Should I get counseling or psychotherapy?

If you are stuck and unhappy in your life, or in some area of your life, the simple answer is “yes.” Just a few sessions with a well-trained, skilled and kind professional might be all you need to get “unstuck” and move on with your life.

“But I like to work things out for myself. How could a stranger possibly help me?”

Of course it would be great to be able to work things out for yourself – most people feel the way you do about that. But, I’m assuming that you have already tried to do it on your own. It is not a failure for you if you haven’t been able to do it yet (see below).

A stranger who is also a skilled mental health professional brings an important set of “tools” with which to help you:

  1. Objectivity – Your psychologist can see your problem more clearly than you can, because she is not involved in the situation herself. Clients in counseling often get helpful new insights right away just by hearing an outsider’s perspective. Psychologists often hear, “I never thought of it that way before!”
  2. Knowledge – Psychologists (and other mental health professionals) know about normal human development, about how healthy babies grow into healthy children, adolescents, adults and seniors. They know what has to happen for a person to grow and change and be successful in life. They also know the many things than can go wrong, often with the best of intentions on the part of parents, and how these negative situations can cause pain and problems later in life. Psychologists also know what kinds of feelings, thoughts and behaviors lead to all kinds of good relationships – parent/child, spouses and lovers, friendships, extended family, and work relationships. It is usually easy for a psychologist to see what is going on that may have lead to trouble.
  3. Compassion – All human beings share many of the same hopes, fears, desires and other feelings. Most of us are doing the best we can in our situations. A good mental health clinician will start with kind and positive expectations of you, and, because of his own life experience, including troubles of various kinds, will likely have an ongoing underlying compassion for you and want to help you, even if you don’t see yourself as a friendly or likable person. Most capable mental health professionals view all human beings as inherently precious and valuable.

So, the longer answer to, “Should I get counseling or psychotherapy?” is “Yes, if you want the best chance possible of changing your life for the better as soon as you can.”

3 Tips to Deal with Austin’s Brutal Summer

Devastating drought! Raging wildfires! Burning heat that just goes on and on! Animals and plants dying. Has all this left you feeling a bit depressed? If so, you are not alone. This summer’s weather is a classic recipe for depression: a negative or painful situation over which you are powerless. There is nothing any of us can do to stop the heat or bring the rain. The “last straw” (we hope) was the arrival of the cool front which helped block the tropical storm rains we so desperately needed.

Actually, terrible things happen to people every day, and, while we can’t stop them from happening, how we cope with the things we don’t want makes a big difference in how we feel. Take the drought, for instance. If you just complain and do nothing about it, you will feel helpless, discouraged and maybe depressed. But, there are three important things you can do to feel better.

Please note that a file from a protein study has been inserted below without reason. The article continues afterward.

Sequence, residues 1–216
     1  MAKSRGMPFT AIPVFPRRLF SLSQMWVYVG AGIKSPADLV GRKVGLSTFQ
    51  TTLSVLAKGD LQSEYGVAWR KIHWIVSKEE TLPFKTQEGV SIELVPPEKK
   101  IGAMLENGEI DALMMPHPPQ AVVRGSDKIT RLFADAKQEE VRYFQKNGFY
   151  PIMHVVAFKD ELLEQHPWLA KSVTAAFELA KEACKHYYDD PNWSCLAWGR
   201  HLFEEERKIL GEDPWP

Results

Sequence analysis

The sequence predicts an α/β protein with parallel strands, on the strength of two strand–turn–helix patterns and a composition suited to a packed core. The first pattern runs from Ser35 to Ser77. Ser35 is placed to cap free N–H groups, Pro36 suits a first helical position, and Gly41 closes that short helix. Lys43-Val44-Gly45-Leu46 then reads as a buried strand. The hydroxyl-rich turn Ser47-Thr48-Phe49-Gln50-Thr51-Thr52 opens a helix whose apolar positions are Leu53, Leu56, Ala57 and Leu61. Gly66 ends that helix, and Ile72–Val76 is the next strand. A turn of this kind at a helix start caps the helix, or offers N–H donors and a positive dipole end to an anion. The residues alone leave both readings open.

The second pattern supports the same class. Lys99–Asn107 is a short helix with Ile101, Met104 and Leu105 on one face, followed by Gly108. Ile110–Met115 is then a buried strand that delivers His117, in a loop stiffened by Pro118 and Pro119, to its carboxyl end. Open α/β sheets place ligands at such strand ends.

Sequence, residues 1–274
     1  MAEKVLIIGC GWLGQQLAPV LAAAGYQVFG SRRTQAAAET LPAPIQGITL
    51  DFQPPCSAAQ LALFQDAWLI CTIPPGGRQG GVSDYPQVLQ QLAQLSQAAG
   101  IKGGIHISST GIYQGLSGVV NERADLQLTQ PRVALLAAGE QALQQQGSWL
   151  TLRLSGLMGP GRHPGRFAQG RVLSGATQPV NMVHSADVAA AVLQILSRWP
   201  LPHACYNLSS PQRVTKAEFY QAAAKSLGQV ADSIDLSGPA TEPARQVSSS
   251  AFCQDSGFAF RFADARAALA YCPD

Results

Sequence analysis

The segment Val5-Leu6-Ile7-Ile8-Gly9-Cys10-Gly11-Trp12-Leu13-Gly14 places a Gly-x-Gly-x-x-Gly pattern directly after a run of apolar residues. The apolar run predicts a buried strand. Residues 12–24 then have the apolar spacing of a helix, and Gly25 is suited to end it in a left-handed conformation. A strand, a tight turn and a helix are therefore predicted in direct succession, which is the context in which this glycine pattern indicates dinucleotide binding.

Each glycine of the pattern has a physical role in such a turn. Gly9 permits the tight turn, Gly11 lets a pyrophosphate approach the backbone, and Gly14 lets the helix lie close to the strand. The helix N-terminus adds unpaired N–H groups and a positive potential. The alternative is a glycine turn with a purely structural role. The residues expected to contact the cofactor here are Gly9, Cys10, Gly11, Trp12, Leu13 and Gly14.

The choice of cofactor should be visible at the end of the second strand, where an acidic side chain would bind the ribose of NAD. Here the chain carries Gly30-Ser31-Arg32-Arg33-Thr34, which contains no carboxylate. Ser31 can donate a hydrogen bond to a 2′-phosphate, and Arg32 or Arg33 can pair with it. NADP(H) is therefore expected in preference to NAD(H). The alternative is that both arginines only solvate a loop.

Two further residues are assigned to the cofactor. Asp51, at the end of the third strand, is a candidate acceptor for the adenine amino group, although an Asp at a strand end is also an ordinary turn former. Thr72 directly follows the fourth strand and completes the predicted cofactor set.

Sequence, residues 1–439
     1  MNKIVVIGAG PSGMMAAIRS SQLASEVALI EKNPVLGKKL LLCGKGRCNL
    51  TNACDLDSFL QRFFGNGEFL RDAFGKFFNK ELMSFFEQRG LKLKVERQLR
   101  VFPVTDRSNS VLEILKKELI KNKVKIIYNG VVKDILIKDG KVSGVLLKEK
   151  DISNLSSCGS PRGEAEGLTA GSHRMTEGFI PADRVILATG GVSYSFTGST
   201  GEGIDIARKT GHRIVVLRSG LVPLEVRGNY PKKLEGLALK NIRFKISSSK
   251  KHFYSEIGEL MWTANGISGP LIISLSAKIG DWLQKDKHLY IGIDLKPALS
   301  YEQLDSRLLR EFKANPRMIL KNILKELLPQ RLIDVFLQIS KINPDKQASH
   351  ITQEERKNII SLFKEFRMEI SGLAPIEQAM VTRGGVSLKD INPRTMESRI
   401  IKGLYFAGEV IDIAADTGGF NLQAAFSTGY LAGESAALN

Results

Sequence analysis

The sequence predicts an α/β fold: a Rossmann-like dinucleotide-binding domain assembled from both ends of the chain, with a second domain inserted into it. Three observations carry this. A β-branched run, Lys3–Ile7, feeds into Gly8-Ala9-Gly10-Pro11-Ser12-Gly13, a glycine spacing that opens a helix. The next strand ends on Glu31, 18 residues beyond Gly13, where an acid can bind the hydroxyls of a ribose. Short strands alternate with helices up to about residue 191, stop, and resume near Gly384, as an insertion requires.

1) View this weather as a challenge rather than a stopper.

What we think has a profound effect on how we feel. “This is awful, and I can’t bear it” is one thought about the weather. A different view would be, “I don’t like this weather, but I’m not letting it get ME down!” The latter is a thought that reflects confidence, energy and resilience. It is likely to engender creative ideas and coping strategies that lead to action and a more positive mood.

2) Find ways to make even a very small difference for yourself or another creature.

What about taking action to help somebody? How about donating to Austin Energy for another Austinite to have AC or a fan? Perhaps giving someone who is walking a ride? Could you put out a bird feeder and a bird bath? Or adopt a dog or cat? Or help the kids hand water an elderly neighbor’s prized rosebushes? Take homemade cookies to your neighborhood fire department? Call your church or another local charitable organization and find out how you can help. Look online, choose one that sounds good to you and make that call! Two organizations helping fire victims are:

American Red Cross of Central Texas : 512-928-4271 or

Austin Disaster Relief Network Fire Victim Relief: 512-825-8211 or

And don’t forget to take care of yourself! This may be the time to tackle that chore you’ve been putting off. Or start planning a cactus rock garden in your yard. Or take up Yoga. Or get serious about finding a new doctor. Or take a bottle of water and go for a brisk walk in the nice, cool Mall!

3) Practice gratitude for what you have.

Think about someone you know or have heard of who was courageous in adversity. In spite of tremendous loss or a short time to live, people like this manage to keep on living and loving and daring and doing. They see life as a gift and find joy in gratitude for small, everyday things. Do you have enough to eat? Do you have a home? Can you go to bed at night without fear? Do you have a friend? What else is good about your life?

Yes, this has been a rough summer, and it’s not over yet. We still need rain. But we can be tough-minded, we can take action and we can count our blessings .

What are YOUR ideas?

LATE WORD: The fire danger is real. Plan your escape and pack a bag now. If you are told to leave, GO.